In the wake of the Coronavirus (COVID-19) crisis, many employers have been trying to come to sensible arrangements with their staff, to deploy them in a different capacity, or with a variety of more flexible measures, only to realise they would be breaking Modern Award conditions for them to do so.

To help resolve this challenge, the Fair Work Commission is currently fast-tracking changes to increase award flexibility across a number of awards, having already made updates to the:

Restaurant Industry Award (link to FairWork update)

The new Schedule I adds award flexibility during the coronavirus outbreak for:

  • employees’ classifications and duties
  • full-time and part-time employees’ hours of work
  • directions to take annual leave.

Clerks Award (link to FairWork update)

Schedule I adds award flexibility during the coronavirus outbreak for:

  • employees’ classifications and duties
  • minimum engagement/pay for part-time and casual employees
  • span of hours changes while working at home
  • full-time and part-time employees’ hours of work
  • directions to take annual leave.

Hospitality Award (link to FairWork update) 

Schedule L adds award flexibility during the outbreak of coronavirus for:

  • employees’ classifications and duties
  • full-time and part-time employees’ hours of work
  • directions to take annual leave.

In these awards, a new, temporary schedule has been inserted which will apply from the first full pay period from 31 March 2020, until 30 June 2020. It is possible that this new schedule will be extended past the current end date.

FairWork.gov.au gives the following examples as to how these changes could apply in Australian workplaces for the Restaurant Industry (the examples in the other industry summaries are very similar).

Restaurant Industry Award Examples

Example: Employee directed to do tasks at a higher level

Lindsay works part-time at a local toastie and coffee bar. They’re a food and beverage attendant grade 1. With further social distancing rules in place amid the coronavirus pandemic, their employer has had to cancel several casual employees’ shifts due to a drop in trade.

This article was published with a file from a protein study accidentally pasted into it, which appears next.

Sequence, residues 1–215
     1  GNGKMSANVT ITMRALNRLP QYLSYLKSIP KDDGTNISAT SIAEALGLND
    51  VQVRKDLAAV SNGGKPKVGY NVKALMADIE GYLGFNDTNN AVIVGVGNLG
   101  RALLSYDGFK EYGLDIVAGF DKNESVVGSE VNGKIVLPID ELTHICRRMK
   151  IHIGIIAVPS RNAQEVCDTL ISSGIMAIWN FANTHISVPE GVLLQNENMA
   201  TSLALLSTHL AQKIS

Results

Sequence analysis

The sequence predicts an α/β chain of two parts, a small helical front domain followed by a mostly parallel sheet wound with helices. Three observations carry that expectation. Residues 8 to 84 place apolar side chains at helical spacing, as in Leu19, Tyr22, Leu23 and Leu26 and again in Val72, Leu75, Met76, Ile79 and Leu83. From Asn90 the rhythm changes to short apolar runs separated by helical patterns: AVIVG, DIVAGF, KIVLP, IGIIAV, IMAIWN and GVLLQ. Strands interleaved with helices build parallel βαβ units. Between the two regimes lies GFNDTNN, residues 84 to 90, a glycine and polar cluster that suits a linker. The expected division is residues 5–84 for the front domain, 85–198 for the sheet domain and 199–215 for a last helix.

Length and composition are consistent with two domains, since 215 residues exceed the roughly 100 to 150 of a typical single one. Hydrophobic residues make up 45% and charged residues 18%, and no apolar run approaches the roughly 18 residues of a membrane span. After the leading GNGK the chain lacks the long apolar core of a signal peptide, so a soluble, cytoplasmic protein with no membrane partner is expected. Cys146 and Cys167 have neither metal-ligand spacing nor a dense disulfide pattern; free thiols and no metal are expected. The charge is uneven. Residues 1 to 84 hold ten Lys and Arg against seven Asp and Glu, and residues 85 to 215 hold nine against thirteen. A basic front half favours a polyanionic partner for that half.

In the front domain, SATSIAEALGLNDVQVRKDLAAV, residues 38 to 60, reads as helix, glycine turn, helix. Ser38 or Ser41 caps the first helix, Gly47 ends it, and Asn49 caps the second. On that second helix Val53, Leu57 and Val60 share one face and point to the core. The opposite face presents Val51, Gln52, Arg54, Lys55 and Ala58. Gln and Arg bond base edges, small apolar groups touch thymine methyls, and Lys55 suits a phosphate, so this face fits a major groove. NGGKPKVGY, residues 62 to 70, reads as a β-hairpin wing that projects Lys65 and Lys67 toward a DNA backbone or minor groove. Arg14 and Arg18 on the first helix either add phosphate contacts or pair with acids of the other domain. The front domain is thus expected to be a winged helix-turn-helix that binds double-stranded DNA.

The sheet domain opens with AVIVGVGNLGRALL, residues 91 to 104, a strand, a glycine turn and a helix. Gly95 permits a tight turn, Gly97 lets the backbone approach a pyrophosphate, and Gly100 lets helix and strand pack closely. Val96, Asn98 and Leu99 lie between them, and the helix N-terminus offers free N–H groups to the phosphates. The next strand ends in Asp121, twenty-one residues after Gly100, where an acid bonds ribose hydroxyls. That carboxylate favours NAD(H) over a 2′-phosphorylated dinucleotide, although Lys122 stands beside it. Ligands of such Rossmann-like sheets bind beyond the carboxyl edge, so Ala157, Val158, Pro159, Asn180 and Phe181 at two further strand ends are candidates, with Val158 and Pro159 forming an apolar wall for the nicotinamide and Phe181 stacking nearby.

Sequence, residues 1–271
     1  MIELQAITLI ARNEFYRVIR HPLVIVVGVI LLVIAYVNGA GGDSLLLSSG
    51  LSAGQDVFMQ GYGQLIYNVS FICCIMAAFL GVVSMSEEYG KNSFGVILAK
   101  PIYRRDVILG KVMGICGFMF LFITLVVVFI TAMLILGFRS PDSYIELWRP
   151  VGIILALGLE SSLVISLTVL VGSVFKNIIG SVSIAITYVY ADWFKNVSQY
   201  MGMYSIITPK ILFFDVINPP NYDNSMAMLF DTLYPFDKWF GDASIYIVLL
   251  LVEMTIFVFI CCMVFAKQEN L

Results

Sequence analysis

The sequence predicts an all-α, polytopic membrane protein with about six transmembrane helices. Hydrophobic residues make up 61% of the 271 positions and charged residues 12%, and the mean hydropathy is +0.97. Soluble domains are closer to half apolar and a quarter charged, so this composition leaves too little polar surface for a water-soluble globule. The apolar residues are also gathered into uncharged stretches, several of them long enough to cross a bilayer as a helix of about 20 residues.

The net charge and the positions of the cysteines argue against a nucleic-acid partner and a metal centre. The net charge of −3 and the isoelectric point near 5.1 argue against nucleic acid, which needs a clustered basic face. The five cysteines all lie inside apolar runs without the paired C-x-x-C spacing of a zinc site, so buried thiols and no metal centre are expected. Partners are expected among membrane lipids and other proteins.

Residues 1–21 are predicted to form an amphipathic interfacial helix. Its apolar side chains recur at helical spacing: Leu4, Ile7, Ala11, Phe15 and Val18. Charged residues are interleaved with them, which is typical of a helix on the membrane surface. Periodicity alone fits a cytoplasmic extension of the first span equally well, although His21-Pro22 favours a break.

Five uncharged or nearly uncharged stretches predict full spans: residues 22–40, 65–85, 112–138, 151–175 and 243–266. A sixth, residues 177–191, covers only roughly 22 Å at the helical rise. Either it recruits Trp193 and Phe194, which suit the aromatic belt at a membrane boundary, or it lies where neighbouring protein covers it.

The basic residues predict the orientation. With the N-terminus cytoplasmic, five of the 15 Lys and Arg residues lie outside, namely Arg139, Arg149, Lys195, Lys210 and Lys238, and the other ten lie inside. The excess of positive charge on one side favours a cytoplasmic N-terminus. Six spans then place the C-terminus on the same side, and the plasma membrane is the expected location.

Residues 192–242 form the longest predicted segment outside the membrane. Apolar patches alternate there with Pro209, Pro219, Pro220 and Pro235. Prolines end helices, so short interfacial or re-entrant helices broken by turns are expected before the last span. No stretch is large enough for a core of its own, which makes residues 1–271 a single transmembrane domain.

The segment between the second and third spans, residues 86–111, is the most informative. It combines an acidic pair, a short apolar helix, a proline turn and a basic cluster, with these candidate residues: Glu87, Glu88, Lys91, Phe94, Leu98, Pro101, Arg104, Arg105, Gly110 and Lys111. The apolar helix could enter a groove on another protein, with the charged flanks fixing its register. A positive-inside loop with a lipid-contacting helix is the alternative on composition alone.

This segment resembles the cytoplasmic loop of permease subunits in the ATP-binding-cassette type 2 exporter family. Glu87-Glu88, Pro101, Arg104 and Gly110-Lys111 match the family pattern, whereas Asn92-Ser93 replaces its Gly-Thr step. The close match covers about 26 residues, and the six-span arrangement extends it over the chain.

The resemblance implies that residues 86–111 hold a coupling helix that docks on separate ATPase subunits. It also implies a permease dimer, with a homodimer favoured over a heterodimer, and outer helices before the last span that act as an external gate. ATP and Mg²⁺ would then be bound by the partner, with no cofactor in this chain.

Lindsay’s employer has asked them to pick up some of the extra work, including making the coffees.

Lindsay is happy to do this, as they’ve recently completed a course to become a barista. They work as a barista for 3 hours a day.

Lindsay is paid as a food and beverage attendant grade 2 for their entire shift when they work as a barista.

and

Example: reduction of hours

Harrison runs a Chinese restaurant in a beach side town and employs 8 staff who are employed under the Restaurant Award.

Due to an enforceable government direction, Harrison is only allowed to sell takeaway food. This means he doesn’t have enough work for all his staff and needs to reduce the hours of his full-time and part-time employees.

Some of Harrison’s employees are members of the United Workers Union. Harrison invites his employees and their United Workers Union organiser to an online meeting. During the meeting, they work through the award consultation clause, and after hearing the employees’ views, Harrison explains that all the full-time and part-time employees’ hours will need to be reduced.

Harrison’s employees will work 15% less hours per week until 30 May 2020, when they’ll reassess the situation.

In May, one of Harrison’s full-time employees gets sick and takes two weeks of paid sick leave while they’re unwell. Harrison pays that employee for 38 hours each week while they’re on sick leave because this is what their ordinary hours were before the reduction.

There will likely be changes to multiple awards in the upcoming days and weeks. If you’re unsure about the changes you need to make to your business, give our Workplace Partners a call on 1300 766 380. We’re here to help.

 

*This is general information only and doesn’t take your specific circumstances into account.